S&P 500 Index - NOV 2020


The market gave an exhale of relief this week despite a Presidential winner not being official. Markets are more concerned about policies over personalities so if the Senate remains republican then gridlock will keep large legislative changes at bay. The government will need to help rebuild the economy in 2021 which will be a bi-partisan effort so I expect some marginal changes to the healthcare laws and perhaps a larger infrastructure bill. In the short-term, another stimulus package is likely in the coming weeks which will be accepted as a positive by the stock market.

There are trillions in stimulus dollars churning through the economy so a bridge to the post-pandemic era looks to be in place if the vaccines in testing are viable. Valuations look high but a rebound in economic activity over the next year will normalize this metric. Earnings from growth sectors are coming in strong but areas like commercial real estate will be hobbled for years as people move from the cities and work from home.

Back to the chart below as we all focus on prices. I have two price behaviors below, a trending market in blue parallel lines (think of it as running cool) and a volatile corrective market in red (running hot). If we are turning the corner with the election over and a vaccine on the way, we may return to a trending market in 2021. That means less volatility and more certainty so if that is going to happen then the next several weeks should show evidence of this new trend emerging.

Chart of the S&P 500 Index by Kisco Capital

Chart of the Week!

The U.S. Elections Project, a nonpartisan website run by University of Florida professor Michael McDonald, has announced that the 2020 presidential election has had the highest voting turnout rate in 120 years

Statistica - Voter Trunout

Economic & Central Banking Snippets 

  • October’s jobs numbers are encouraging as they beat expectations, and came amid headwinds from mounting coronavirus infections and waning fiscal stimulus. Private payrolls grew 906,000, well ahead of economists’ expectations and slightly faster than in September. In contrast to Europe, U.S. governors have yet to reimpose lockdowns, though some are tightening restrictions or hitting pause on reopening. (WSJ)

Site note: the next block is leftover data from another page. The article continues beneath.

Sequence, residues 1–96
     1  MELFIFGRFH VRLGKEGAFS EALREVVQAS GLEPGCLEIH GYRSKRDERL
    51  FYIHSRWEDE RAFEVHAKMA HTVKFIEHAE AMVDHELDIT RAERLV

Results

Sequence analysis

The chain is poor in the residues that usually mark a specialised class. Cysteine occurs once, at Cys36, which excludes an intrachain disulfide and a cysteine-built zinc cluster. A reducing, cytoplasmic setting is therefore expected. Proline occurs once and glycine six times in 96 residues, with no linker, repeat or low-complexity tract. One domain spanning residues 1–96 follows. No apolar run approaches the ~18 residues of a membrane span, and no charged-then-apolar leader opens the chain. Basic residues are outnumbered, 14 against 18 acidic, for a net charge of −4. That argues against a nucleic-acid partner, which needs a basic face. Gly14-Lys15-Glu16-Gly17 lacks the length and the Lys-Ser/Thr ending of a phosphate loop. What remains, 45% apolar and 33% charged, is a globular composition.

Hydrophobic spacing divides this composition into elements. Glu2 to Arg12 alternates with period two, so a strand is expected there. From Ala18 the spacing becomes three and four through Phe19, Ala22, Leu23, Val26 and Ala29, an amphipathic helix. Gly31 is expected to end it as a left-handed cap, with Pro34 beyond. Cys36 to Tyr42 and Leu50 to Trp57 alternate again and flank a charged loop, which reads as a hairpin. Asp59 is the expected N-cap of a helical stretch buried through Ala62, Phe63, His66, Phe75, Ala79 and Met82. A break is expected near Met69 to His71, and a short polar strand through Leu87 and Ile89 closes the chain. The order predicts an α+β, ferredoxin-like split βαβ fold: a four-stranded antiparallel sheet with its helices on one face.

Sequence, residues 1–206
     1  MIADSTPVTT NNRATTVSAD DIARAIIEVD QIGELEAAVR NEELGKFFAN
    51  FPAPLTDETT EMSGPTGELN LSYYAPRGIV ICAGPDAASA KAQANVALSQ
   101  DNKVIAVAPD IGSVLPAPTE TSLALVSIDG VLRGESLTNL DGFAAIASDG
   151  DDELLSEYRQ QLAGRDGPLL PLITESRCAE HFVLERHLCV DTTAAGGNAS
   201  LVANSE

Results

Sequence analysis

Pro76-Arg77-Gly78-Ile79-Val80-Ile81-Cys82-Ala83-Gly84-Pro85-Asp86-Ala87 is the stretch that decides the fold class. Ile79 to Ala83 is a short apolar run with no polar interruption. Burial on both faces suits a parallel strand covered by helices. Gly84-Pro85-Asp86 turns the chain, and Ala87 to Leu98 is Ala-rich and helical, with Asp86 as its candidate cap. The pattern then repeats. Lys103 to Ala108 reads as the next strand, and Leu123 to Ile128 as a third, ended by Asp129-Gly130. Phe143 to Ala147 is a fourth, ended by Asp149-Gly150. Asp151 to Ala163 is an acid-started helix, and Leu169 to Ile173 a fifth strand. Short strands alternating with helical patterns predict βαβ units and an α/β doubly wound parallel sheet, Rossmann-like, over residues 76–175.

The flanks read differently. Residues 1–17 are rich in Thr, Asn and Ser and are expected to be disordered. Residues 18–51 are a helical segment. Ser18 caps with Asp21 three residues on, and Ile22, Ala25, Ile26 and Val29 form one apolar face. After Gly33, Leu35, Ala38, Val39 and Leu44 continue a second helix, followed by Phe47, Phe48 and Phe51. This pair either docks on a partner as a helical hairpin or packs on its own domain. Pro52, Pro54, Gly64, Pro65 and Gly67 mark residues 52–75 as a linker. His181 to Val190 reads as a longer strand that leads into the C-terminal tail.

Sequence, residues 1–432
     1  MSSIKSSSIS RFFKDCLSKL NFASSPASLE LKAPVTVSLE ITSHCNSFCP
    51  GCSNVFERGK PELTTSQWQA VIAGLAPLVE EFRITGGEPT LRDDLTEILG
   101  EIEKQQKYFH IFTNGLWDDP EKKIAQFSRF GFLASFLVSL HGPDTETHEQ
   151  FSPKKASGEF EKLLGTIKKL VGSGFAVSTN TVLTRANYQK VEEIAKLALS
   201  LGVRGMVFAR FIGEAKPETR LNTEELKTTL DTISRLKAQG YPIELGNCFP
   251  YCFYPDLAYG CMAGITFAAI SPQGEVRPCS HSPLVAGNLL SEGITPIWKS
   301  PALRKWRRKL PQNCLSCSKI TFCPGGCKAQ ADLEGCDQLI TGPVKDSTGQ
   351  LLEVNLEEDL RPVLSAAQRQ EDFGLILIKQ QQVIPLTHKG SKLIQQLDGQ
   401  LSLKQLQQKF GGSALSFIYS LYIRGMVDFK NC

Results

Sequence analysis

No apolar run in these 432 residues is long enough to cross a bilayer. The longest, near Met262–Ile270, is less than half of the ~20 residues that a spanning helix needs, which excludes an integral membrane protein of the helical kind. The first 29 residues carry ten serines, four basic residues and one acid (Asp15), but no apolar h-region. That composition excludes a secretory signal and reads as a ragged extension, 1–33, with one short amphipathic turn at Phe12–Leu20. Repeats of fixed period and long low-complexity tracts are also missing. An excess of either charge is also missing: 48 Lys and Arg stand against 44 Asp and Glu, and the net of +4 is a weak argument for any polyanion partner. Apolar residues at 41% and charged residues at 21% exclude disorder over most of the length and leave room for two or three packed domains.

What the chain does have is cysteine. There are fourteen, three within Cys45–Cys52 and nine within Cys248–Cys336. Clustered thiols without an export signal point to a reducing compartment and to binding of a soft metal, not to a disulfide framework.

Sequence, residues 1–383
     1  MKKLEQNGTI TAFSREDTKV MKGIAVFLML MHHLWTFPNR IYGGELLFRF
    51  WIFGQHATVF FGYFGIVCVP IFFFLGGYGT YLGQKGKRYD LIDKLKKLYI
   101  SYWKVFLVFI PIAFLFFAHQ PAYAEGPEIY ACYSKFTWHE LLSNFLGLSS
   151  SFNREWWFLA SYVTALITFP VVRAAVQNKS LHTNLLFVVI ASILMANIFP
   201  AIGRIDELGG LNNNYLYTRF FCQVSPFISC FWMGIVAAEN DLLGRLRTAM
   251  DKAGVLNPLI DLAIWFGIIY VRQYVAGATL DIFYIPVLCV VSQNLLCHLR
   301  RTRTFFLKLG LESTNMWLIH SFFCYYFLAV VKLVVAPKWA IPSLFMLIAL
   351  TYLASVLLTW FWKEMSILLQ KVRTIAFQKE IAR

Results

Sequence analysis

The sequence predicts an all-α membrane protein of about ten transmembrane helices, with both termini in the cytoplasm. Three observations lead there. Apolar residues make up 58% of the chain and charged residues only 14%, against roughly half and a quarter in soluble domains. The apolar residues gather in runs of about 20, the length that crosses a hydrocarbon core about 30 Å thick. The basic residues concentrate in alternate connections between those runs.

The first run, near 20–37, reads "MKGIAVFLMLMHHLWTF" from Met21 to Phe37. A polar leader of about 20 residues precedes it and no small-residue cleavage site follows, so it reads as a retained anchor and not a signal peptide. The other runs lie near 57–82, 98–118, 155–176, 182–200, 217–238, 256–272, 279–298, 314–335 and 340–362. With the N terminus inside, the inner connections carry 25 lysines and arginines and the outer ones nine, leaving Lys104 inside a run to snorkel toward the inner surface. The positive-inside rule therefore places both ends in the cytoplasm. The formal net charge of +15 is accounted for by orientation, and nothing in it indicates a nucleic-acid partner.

• The unemployment rate fell far more than economists expected in October, to 6.9% from 7.9% in September.
U.S. Non-Farm Payrolls - OCT 2020

Macro Snippets

  • U.S. firms are getting another boost from China. Companies including Coca-Cola, General Motors and Estee Lauder said they got a lift in the September quarter from Chinese consumers who spent big on soda, perfume, SUVs and other products. (WSJ)
  • The Italian government said it would lock down a significant portion of the country, including the northern regions that are its economic engine, in an effort to stop a resurgent wave of coronavirus infections. (NYT)
  • In one fell swoop, Uber Technologies Inc. and Lyft Inc. on Tuesday fended off labor protections that were decades in the making, allowing the companies to keep compensating their drivers as independent contractors. By design, very little will change under the ballot measure approved by California voters that was underwritten by the ride-hailing companies, along with Instacart Inc., DoorDash Inc. and Postmates Inc. (Bloomberg)
  • Voters in New Jersey, Arizona, South Dakota, and Montana approved ballot measures to legalize recreational marijuana. Mississippi has voted to legalize medical marijuana use. (Investopedia)
  • Seven major North American cruise lines have halted trips through the end of the year. The move comes after the Centers for Disease Control issued a Conditional Sailing Order to replace the “no sail order” it put in place in March. (Investopedia)
  • Mall owners CBL Properties and Pennsylvania Real Estate Investment Trust (PREIT) both filed for bankruptcy protection, marking the first mall operator bankruptcies in over a decade. The move comes as the pandemic continues to rattle the retail industry. More than 30 of CBL’s retail tenants have also filed for bankruptcy this year, including JCPenney, Ann Taylor-owner Ascena Retail Group, and Pier 1 Imports. (Investopedia)
  • FIC Restaurants, operator of the Friendly’s restaurant chain, filed for bankruptcy protection and agreed to sell its assets to an affiliate of Dallas-based restaurant franchisor RIX Holdings for $1.9 million. (Investopedia)

That is all for now and thank you for being a subscriber!

Paul J. McCarthy


Paul J. McCarthy, III

President – Kisco Capital

Paul McCarthy

Mr. McCarthy is the President and founder of Kisco Capital.